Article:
Maintain a level of professionalism and a few layers of privacy at work… they don’t need to know everything about you! Less information is sometimes more.
Remember: “If you want no one to know, tell no one!”
- their friendship
- their business
Personalize the card. Write their name and sign yours - even if the card is engraved with your name/company name. Use blue ink, green, red or gold (festive!) (Note: black ink is reserved for strictly business correspondence/contracts) Also, even if you write only a line or two – write something, i.e. "Dear Jack, wishing you and Judy (name of spouse) a wonderful Holiday season! Enjoy your Disney Vacation (specific vacation destination) with Jack and Judy Jr. (name of kids.) Thank you for your friendship and support. Happy Holidays! Dan"
Whatever you gift, even a bottle of wine, remember, "the presentation" is everything! Wrap it, box it, monogram it, … (private label it!) but do not simply hand over an item. In other countries, things like certain colors are symbolic and even unlucky i.e. white in china is the symbol of death and bows are considered unlucky, etc.
- Consider gifting something symbolic of your company (not necessarily logo gifts,) city, country/ culture i.e. Boston is known for the Boston Symphony, New England Patriots. Hence, gifting someone from another city or country a CD of the Boston symphony or a pendant of the New England Patriots would be appropriate.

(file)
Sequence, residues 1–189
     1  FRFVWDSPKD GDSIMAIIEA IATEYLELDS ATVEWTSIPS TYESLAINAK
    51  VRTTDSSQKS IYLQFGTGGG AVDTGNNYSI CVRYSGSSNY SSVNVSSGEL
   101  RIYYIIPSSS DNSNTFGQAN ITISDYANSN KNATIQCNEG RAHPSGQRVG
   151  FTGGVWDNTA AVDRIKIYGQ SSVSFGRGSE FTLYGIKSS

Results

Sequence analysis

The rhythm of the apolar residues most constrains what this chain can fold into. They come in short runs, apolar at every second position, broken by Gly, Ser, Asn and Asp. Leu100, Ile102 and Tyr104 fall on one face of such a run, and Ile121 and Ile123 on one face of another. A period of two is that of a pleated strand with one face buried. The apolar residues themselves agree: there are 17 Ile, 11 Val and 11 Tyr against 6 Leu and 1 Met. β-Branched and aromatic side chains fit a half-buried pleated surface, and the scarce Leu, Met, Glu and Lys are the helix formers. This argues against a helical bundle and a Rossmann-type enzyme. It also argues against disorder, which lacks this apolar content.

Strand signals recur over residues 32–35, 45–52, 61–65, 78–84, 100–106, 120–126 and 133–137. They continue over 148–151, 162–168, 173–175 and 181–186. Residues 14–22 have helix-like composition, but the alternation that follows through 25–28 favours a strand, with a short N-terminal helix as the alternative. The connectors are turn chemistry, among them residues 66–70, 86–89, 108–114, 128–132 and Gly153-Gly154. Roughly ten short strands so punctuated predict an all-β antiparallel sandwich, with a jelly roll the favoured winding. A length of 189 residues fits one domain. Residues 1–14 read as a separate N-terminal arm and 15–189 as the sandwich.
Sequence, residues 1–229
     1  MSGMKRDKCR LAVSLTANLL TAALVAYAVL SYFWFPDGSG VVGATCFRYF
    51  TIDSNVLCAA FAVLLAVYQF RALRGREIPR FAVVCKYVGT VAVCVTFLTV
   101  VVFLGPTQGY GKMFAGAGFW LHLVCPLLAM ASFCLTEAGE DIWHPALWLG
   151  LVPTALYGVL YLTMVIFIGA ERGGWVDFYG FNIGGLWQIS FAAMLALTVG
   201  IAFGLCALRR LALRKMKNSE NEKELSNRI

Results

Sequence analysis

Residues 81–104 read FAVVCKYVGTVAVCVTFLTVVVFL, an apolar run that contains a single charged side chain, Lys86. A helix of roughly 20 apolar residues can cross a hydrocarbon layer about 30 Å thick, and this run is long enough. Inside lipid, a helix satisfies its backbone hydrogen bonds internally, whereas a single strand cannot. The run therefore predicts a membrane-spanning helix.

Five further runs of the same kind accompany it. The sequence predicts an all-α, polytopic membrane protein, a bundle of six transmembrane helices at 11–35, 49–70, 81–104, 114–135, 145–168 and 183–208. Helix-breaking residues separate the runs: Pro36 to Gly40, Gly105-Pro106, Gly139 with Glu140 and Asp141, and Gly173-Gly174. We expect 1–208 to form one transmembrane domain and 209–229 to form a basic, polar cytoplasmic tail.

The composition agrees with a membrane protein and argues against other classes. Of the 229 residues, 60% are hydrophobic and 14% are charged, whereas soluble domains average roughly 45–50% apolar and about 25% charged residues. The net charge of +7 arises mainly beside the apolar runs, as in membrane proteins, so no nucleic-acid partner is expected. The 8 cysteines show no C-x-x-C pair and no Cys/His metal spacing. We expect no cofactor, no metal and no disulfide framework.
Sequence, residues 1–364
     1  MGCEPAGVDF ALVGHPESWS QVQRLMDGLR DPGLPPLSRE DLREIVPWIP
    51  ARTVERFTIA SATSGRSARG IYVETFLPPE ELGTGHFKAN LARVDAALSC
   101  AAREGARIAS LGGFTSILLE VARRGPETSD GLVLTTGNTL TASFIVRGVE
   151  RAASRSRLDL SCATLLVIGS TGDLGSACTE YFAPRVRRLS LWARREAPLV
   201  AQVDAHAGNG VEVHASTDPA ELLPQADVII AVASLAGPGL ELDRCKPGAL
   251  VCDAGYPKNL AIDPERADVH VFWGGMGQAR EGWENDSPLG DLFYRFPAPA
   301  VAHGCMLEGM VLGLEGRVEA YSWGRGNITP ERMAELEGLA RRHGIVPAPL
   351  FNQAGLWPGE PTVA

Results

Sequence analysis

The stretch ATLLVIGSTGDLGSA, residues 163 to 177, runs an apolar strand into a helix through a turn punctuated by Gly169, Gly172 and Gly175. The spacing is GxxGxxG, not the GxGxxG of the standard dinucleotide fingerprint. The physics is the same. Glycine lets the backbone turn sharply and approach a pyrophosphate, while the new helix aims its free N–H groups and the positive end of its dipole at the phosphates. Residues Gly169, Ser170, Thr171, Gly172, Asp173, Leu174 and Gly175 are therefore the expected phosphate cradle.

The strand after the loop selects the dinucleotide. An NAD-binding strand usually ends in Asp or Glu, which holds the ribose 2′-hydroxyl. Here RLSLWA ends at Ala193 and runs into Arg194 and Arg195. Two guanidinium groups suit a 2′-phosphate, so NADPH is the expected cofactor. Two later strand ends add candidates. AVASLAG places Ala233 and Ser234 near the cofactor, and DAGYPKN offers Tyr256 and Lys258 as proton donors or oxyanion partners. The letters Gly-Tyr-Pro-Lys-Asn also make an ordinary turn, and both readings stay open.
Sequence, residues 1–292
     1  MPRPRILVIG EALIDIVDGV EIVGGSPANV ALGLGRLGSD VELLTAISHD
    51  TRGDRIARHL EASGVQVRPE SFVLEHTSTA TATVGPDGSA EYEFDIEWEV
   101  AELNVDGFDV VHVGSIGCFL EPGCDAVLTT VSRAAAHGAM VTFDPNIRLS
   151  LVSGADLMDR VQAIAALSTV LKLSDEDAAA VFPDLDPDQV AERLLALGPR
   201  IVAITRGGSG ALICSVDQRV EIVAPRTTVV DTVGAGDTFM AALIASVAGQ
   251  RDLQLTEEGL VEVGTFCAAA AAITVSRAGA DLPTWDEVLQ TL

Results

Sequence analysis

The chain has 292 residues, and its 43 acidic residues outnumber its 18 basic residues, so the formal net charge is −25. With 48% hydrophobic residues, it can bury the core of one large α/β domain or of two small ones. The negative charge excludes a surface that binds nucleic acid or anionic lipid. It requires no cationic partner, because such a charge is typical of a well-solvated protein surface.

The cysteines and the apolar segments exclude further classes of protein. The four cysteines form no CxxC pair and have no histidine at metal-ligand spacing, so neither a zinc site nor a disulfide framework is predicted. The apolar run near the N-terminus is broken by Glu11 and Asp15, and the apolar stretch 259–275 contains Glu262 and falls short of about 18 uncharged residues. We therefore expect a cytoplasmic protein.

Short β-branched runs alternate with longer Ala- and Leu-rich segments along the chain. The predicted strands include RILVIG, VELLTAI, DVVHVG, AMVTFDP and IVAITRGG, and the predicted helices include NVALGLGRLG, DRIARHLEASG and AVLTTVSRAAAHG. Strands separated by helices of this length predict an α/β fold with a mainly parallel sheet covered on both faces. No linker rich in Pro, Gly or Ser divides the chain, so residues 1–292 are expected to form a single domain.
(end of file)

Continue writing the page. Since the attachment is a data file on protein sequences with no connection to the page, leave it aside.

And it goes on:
- For "the Presentation" consider personalizing a CD case … depending on your budget… invest in a quality case i.e. leather, pewter, silver, etc. which they will always have, and think of you.
- Frame the pendant, send a hat they will wear or have something personalized by a player – so many great charity events to find these items.
- Compose a poem/limerick. Inscribe in script (?) on parchment paper and frame it…. "The presentation!"
- Chronicle highlights of their accomplishments in a book or journal.
- Frame a photograph.
- Potpourri, a dried herb wreath, bake cookies … "present" them in a festive tin with a ribbon and, as always, with the personal note acknowledging their friendship/support.
- Give the gift of time. Offer a lunch date.
- Donate to a charity in their name.
- Give fair trade items such as tea, coffee, or chocolate.
- Create a memory by going to a ball game, dinner, concert.